So many of us are constantly checking up on the news in order to keep tabs on the virus, the president, and the general happenings in our country. Hearing about incident after incident of an innocent person of color being harassed, assaulted or murdered can be anxiety-inducing, to say the least. Black people in particular are under a great deal of stress while trying to comprehend and work around all that is going on. We never know when we’ll hear about another unarmed black person getting killed. We never know if it’ll be our father, our brother, our child, our cousin. That fear is a heavy weight that black people often carry, but the current climate has heightened the sense of angst. We are in a cycle of trauma with no clear means of escape.
This last Sunday, 20-year-old Daunte Wright was murdered during a routine traffic stop. The shooting happened in Brooke Center, Minnesota, just 10 miles away from Derik Chauvin’s trial. Daunte Wright was a son, a brother, and a father. He was young, loved, and had his life taken from him far too soon.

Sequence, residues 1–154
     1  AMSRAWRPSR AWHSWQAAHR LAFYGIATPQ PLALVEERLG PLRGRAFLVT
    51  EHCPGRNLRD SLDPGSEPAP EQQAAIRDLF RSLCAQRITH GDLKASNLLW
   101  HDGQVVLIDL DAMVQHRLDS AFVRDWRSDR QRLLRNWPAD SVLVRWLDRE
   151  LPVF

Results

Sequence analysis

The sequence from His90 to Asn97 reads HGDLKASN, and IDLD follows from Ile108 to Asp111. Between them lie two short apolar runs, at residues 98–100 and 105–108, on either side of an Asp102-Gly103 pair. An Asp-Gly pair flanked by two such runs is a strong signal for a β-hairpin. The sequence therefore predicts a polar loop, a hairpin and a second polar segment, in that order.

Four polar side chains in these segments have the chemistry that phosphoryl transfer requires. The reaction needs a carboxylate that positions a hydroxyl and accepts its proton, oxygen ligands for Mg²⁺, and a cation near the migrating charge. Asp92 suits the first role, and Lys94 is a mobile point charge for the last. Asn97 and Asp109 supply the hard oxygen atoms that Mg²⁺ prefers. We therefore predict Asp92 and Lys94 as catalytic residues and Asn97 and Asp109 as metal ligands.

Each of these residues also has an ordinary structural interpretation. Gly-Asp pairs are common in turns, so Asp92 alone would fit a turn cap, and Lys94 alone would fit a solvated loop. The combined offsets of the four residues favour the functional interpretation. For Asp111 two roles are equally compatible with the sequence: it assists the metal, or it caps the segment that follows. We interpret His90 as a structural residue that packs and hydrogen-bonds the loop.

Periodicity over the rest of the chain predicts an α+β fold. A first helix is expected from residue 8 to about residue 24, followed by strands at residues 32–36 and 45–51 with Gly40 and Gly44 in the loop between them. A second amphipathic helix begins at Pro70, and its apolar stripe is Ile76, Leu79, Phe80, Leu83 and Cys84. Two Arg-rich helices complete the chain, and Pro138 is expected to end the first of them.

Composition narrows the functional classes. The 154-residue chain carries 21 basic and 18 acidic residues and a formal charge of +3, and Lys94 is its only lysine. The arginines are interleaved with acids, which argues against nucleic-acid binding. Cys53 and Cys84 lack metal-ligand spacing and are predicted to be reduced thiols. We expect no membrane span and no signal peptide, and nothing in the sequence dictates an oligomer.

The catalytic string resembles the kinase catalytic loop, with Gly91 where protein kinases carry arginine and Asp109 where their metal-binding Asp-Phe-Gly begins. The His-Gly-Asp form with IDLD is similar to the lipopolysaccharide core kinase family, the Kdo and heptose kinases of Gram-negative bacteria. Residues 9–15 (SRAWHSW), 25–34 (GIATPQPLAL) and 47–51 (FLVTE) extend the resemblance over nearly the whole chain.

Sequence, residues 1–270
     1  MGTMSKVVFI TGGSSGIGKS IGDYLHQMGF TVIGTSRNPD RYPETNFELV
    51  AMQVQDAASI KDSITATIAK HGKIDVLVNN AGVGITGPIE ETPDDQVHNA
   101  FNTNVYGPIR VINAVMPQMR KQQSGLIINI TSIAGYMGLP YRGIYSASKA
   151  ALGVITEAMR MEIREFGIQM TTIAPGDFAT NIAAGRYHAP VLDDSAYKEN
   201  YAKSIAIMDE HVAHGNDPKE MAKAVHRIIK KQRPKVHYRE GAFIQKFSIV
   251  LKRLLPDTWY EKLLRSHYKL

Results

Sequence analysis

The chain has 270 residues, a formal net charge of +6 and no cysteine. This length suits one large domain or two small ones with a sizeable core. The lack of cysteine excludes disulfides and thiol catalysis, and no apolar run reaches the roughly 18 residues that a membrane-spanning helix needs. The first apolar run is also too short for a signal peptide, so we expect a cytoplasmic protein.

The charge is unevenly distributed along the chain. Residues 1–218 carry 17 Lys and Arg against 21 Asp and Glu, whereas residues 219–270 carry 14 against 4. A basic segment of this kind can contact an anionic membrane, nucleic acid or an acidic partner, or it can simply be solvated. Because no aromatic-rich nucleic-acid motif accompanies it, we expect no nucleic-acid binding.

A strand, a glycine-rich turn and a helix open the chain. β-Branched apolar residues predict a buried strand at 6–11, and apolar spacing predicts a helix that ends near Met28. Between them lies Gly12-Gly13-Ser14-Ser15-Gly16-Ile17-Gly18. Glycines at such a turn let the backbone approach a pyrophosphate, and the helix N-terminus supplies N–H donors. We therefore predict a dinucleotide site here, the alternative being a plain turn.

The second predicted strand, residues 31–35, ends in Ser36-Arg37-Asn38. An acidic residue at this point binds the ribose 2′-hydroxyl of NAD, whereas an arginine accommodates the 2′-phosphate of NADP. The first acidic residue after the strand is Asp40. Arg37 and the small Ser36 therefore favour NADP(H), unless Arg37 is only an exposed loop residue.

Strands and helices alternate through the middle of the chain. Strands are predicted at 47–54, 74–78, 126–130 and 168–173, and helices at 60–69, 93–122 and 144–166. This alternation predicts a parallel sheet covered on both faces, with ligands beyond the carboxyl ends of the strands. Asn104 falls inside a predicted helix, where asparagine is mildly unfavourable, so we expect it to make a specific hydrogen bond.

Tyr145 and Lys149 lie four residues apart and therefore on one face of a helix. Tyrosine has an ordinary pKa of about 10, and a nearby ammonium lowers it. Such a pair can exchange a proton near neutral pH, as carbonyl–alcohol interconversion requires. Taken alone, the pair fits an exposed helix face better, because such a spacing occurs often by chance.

Kim Potter claims to have been reaching for her taser and mistakenly pulled her firearm instead. How does a police officer that has been on the force for 26 years make an error like that? Are we supposed to just accept these nonsensical excuses and just move on? There will be a trial to determine if culpable negligence is the cause of this young man’s death. Culpable negligence implies that a person acted recklessly, which led to an injury or death of another person.
There is no doubt that Daunte Wright was shot by Kim Potter. There was footage of it happening. Rather his death was an accident or not, is a matter of opinion. Police officers are regular people so why are they held to different standards? Why are they always given the benefit of the doubt when there is clear proof of their crimes?